A Message in the Clouds

It’s raining.

I look up into the clouds.  Rain falls because the water vapor becomes too heavy.  It leaks out. 

Yesterday, a friend remarks that when we are filled with God, He leaks out.  He overflows. 

It’s as natural as rain falling. 

You need upward motion (cooling the water vapor, making it heavier) and moisture (from various sources) to get that cloud so saturated that it leaks out rain.   

I want to be soaked with God today.  Moving upward, adding in moisture, I want to leak out radical love.  There’s nothing I have to do but fill up.  And the result can nourish whatever earth it falls upon. 

Living with flair means I soak up and leak out. 

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Journal:  What’s a favorite way to soak up God? 

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Even in the Rain: The Best Part of the Week

I didn’t think anybody would show up to Neighborhood Fitness Group.  It was raining and dreary; who wants to exercise in the rain?

But we can’t help ourselves.  We love it. 

By the time I get the double-dutch jump ropes out, a group of children is already rolling down a hillside.  Then I look and see that my daughter has tied a kite to the back of her bike, and she rides as fast as she can to keep that kite flying.

You can’t slow down.  That kite needs speed. 

Then, the best part of all, one of my college students shows up to teach the children how to play 4-Square.

I find myself right in the mix.  I play 4-Square.  I jump double-dutch.  I dance to the music from the car speakers.  It’s raining, and I don’t even notice. 

I realize that I need this.  I need to be part of my neighborhood.  I need to know folks by name, roll down a hill with them, and gather even in the rain.

On the walk to school this morning (in the pouring rain), two children announce how far they got in 4-Square.  “I was almost King!” they shout and pull on my sleeve.

Is this what they’ll remember in 20 years?  Is this what they’ll put into place in their own neighborhoods in another generation?

I’m starting to think that showing up at Monday Night Fitness Group is the best thing I do in a week.  Even in the rain, I’ll be there next Monday.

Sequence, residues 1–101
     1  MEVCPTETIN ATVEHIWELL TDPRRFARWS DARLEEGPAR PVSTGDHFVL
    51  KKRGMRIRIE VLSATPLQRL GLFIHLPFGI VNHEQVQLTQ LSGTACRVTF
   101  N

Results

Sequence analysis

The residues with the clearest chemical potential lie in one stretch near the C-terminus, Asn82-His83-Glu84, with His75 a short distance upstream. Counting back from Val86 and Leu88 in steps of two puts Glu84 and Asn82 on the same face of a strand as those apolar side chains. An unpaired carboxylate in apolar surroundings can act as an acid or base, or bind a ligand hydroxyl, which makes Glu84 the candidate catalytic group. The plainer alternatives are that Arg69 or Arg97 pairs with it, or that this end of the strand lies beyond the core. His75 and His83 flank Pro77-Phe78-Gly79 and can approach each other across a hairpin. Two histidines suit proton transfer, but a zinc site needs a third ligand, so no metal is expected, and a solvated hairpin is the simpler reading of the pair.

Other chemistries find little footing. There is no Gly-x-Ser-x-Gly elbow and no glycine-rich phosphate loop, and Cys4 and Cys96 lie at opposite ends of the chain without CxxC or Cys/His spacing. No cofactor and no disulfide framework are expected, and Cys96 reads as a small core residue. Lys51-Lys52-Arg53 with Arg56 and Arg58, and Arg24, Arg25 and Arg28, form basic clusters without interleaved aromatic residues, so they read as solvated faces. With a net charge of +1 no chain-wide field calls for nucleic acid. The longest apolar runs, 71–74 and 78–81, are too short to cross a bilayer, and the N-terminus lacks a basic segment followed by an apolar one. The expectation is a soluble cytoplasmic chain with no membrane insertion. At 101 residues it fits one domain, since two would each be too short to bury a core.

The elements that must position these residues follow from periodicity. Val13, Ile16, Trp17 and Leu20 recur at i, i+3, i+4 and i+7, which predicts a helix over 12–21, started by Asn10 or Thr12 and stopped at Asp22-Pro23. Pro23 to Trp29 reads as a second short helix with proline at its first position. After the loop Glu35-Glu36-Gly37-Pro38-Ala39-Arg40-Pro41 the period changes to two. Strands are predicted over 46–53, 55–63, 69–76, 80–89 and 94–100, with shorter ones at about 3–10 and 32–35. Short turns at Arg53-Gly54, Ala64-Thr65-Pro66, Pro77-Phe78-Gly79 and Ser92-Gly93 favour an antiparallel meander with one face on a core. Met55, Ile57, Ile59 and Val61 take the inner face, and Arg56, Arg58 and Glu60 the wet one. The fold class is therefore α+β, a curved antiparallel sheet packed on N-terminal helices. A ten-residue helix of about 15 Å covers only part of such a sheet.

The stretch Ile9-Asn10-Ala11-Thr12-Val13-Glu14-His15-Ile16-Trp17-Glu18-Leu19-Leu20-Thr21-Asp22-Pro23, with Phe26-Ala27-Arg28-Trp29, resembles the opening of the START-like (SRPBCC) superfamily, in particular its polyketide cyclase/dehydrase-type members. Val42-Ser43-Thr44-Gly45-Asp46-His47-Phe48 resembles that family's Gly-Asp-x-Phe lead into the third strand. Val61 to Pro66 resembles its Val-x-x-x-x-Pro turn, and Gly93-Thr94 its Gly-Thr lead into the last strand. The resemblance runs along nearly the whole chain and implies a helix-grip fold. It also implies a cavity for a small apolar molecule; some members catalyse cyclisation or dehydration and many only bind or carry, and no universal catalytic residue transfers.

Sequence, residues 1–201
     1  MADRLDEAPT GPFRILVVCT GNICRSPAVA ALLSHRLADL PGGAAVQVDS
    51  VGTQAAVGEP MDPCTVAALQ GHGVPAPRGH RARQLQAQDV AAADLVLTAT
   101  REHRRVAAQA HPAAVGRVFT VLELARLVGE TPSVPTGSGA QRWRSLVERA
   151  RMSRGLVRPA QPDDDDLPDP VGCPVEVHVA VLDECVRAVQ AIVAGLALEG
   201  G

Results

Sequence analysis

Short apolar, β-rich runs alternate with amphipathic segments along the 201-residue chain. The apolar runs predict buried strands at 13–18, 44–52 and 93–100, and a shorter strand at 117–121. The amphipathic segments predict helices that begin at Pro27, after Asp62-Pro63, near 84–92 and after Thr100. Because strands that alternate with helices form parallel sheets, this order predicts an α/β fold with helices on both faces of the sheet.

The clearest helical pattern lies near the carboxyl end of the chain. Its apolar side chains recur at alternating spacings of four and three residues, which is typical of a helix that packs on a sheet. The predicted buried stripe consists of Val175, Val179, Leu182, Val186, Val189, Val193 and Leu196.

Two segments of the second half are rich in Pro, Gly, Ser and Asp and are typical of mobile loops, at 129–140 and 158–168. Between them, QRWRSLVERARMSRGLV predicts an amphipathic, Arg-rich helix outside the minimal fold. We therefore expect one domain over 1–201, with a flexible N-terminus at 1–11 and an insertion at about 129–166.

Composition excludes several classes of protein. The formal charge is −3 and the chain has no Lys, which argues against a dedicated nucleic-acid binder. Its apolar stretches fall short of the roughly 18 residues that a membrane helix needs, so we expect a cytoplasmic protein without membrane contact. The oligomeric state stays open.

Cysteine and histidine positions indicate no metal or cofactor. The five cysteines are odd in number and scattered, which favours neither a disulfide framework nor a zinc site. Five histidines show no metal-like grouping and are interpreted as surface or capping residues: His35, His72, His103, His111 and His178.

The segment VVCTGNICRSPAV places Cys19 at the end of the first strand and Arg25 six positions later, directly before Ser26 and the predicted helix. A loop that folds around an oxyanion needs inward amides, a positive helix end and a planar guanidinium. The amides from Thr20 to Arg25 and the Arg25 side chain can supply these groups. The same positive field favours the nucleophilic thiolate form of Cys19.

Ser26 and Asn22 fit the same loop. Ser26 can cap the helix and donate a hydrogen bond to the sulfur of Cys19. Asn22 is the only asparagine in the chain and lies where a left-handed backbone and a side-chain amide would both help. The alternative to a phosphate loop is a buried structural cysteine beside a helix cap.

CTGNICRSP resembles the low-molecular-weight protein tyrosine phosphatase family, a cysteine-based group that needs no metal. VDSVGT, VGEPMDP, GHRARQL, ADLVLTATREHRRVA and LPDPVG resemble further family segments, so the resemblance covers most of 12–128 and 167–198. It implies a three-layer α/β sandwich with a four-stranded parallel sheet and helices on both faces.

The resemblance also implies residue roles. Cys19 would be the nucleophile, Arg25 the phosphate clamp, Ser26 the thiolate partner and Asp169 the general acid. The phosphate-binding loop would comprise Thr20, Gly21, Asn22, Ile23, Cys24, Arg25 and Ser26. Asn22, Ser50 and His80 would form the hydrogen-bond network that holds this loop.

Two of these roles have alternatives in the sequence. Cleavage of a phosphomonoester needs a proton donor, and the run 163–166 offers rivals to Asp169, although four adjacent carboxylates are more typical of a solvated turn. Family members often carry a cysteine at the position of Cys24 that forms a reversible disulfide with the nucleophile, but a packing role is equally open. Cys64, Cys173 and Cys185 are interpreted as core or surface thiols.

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Journal:  What else can we do to build our neighborhood?

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Attention!

Cherry Blossom Buds

A weeping cherry tree sits outside my bedroom window.  This morning, my youngest daughter points out the bright pink buds.  Soon, we’ll have a whole explosion of pink fireworks upon this little tree. 

The blooms won’t last long.  The fleeting nature of cherry blossoms makes us that much more attentive to them.  We delight differently in a bloom like this.

We pay close attention.

It’s a reminder today that things change quickly, and I miss the beauty of so much by simply not paying attention.  

Why is it so hard to pay attention?  Why can I walk by a house for two years and just this morning notice the beautiful pattern in the roofing?   Lately, I’ve become aware of how much I’m missing.

I carry my camera everywhere now.  Just in case.  I’m training my eye to see, and I’m training my heart to pay attention to every gesture of God–every message and allegory–in this day.  Today, it’s a cherry blossom bud.  Pay attention, it cries out.  There’s something to notice today, and it might be gone tomorrow.

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Journal:  How can I train myself to pay attention? 
 

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Do You Get Territorial?

My One-Eyed cat, Jack, taught me something else last night.  You can read his whole journey of healing here: Jack’s Story

Are you ready to see something strange and wonderful about these little cats?  Well, they each choose a child to “protect” in the night.  Louie curls up by the oldest daughter, and Jack guards the youngest.  Every night at bedtime, they assume their posts in each respective bedroom.  It’s been this way all year. 

Last night, the girls want to have a sleepover in the oldest daughter’s bed.  Jack innocently follows the youngest wherever she happens to be sleeping.  But Louie is the alpha male cat, and this is his territory.  Normally, he’ll hiss and claw at Jack if he even dares to approach the bed.

Jack has an assignment, though.  He’s on a mission to guard the youngest, so he dutifully curls up at her feet right next to where Louie guards the oldest.

A staring contest ensues.  Jack’s one eye doesn’t even blink. 

Finally, Louie recognizes Jack’s purpose here.  No fighting, no clawing.

As I tuck the girls in for the night, I realize that Jack has a specific role now that everyone acknowledges and supports.  And in the midst of this service, enemies are brought together.

There’s something more important than our need to control or our need to be territorial. Jack knows this.  He risked the danger to do what he was supposed to do.  And Louie let him, risking his own position and power. 

And in case you’re wondering where Snowflake serves in the midst of all this, well, she’s recovering from a Bridal Shower where she sat peacefully on the couch in a bridal veil.

And then she came to sleep at my feet.